Poetry

September 25, 2018 Poetry , POETRY / FICTION

Keith Chastain photo

 

By

Phillip Border

 

 

 

Berkeley, California

 

 

I don’t remember much of our west coast

haven, besides your hand in mine

and the unexpected wind chill

in late evening sun, side stepping our way

through the multitudes of Spanish and Asian

dialects, down trafficked streets packed

with cafes, bistros, and bars full

of college students drinking up a life

we left back east. And why not

say it? We were in love–

travelers traversing the body

of this historic city, hoping

to drink up, a little, ourselves in

and outing holistic shops and bookstores

with nothing more but a few bills

still crumpled in our back pockets

and talk of how one day, we would spend it

all, with our future, smug, professor salaries

as we walked past homeless hipsters,

down the makeshift flea market

on Telegraph Avenue, peddling their hemp

crafted necklaces with blessings of prosperity.

On impulse, I pulled out two tens, and handed them

to a man with a mane of dreads tethered

down to his calfs, for a purple, opal pendant

for you, and clear crystal one for me.

Both of which he kissed, tenderly,

and reminded us to lay out each full moon

to let them charge. I was a believer

then, of anything that wasn’t biblical, and so choose

to bless him with my last five, and neither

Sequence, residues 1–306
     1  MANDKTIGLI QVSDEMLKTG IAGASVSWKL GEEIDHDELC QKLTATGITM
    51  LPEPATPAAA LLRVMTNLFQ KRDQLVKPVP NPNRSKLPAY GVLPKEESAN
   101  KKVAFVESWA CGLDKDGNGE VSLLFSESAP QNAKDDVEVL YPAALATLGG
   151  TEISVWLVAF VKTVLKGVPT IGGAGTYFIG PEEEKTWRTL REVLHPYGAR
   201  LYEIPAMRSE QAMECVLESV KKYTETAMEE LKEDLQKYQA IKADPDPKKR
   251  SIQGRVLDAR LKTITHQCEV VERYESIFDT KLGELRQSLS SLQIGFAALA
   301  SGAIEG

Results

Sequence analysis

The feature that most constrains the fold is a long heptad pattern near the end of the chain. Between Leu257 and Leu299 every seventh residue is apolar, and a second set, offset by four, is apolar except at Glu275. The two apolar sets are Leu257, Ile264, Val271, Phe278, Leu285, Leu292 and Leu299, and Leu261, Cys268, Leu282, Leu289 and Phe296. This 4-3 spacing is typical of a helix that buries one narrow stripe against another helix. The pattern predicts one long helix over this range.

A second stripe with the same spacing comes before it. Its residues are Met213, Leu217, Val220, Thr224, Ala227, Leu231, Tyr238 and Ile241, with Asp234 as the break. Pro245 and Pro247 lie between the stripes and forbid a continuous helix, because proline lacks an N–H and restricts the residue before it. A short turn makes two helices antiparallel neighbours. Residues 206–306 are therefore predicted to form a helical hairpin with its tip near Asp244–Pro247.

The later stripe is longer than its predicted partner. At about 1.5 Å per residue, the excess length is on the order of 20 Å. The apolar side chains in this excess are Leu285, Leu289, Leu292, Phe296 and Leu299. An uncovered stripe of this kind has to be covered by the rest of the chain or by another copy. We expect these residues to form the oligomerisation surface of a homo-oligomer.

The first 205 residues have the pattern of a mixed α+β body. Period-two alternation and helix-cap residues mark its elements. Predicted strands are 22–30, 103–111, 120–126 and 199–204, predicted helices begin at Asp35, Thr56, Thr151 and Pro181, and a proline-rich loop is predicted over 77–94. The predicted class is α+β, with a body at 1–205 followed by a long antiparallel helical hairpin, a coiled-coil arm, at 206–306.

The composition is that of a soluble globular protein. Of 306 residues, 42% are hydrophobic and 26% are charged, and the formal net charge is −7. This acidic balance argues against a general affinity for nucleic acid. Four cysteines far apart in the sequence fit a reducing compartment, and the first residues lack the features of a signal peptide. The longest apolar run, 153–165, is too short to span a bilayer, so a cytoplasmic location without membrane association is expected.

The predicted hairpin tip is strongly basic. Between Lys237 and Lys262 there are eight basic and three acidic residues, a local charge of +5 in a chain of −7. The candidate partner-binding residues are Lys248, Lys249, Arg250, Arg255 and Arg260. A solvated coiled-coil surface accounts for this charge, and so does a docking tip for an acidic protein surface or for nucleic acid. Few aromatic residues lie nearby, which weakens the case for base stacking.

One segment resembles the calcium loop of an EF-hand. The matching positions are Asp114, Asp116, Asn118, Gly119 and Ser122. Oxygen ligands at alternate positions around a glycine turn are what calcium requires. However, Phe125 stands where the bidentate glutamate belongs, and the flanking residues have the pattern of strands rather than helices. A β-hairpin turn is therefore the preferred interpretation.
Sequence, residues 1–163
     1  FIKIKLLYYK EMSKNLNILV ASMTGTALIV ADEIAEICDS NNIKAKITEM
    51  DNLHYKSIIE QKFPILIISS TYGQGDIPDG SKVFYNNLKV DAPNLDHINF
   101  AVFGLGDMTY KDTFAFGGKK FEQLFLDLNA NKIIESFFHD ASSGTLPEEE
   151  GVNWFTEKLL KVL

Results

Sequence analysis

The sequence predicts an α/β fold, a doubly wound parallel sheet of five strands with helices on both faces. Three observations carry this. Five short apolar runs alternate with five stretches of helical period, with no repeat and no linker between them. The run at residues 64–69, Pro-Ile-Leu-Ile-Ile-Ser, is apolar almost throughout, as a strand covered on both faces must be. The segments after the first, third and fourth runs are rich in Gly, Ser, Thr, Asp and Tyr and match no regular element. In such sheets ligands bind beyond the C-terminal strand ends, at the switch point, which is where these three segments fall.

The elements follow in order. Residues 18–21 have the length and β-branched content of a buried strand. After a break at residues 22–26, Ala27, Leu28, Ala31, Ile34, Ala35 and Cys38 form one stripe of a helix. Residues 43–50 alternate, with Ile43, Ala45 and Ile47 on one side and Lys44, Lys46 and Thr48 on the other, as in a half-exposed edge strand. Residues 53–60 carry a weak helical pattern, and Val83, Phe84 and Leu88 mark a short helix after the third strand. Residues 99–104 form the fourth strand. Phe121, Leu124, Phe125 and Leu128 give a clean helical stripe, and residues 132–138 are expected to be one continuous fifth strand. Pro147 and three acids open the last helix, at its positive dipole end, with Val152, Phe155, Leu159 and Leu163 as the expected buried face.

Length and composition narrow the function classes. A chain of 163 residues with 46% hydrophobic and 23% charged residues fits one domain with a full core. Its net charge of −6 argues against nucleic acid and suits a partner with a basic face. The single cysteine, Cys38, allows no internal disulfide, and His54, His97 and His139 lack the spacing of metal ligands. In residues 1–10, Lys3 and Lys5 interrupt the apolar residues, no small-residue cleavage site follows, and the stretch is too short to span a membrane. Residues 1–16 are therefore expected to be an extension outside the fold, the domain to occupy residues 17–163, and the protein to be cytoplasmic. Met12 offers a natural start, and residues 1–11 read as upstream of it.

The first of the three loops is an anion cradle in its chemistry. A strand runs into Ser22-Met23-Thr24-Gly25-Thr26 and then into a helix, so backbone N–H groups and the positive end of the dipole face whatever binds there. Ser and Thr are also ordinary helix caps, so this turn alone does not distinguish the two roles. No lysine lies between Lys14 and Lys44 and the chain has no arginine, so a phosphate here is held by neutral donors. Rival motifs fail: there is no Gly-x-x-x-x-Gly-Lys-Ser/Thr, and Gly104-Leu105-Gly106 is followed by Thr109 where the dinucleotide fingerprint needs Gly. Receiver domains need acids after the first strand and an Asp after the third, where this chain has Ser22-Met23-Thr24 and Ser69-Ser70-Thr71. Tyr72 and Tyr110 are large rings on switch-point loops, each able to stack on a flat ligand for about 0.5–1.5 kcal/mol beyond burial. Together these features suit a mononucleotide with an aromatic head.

of us worried about what the next day

would cost. We were rich with wonder

of the countless possibilities the city afforded,

and turning the corning onto Durant Avenue,

outside Bank of America’s wide windows,

we saw a couple, no older than ourselves,

cuddled on rags, with book bags propped

as pillows, readying themselves for rest

of the restless, and I wanted, for a moment, to toss

our room keys into their empty cups,

take their place upon the cold pavement,

and make the bed of this city our home.

 

 

 

 

 

Zebra

 

 

In elementary school, most kids, white

& black, thought my favorite animal

would be zebra. Their parents told them

the blood inside me resembled the animal’s

natural appearance. They then thought

my person must be like a zebra:

never living its life in one color,

but in stripes, back and forth,

till you get to the end of its tail,

where those kids tried to tell

what color stuck out the most.

 

 

 

 

 

Phillip Border

Phillip Border is a young, up and coming poet from Western Maryland. He has received a B.A. in Literature from Frostburg State University. His poems have appeared in the university’s Literary Magazine, Bittersweet, which he later went on to direct as editor. He currently resides in Cumberland, MD where he spends his free time reading and writing.

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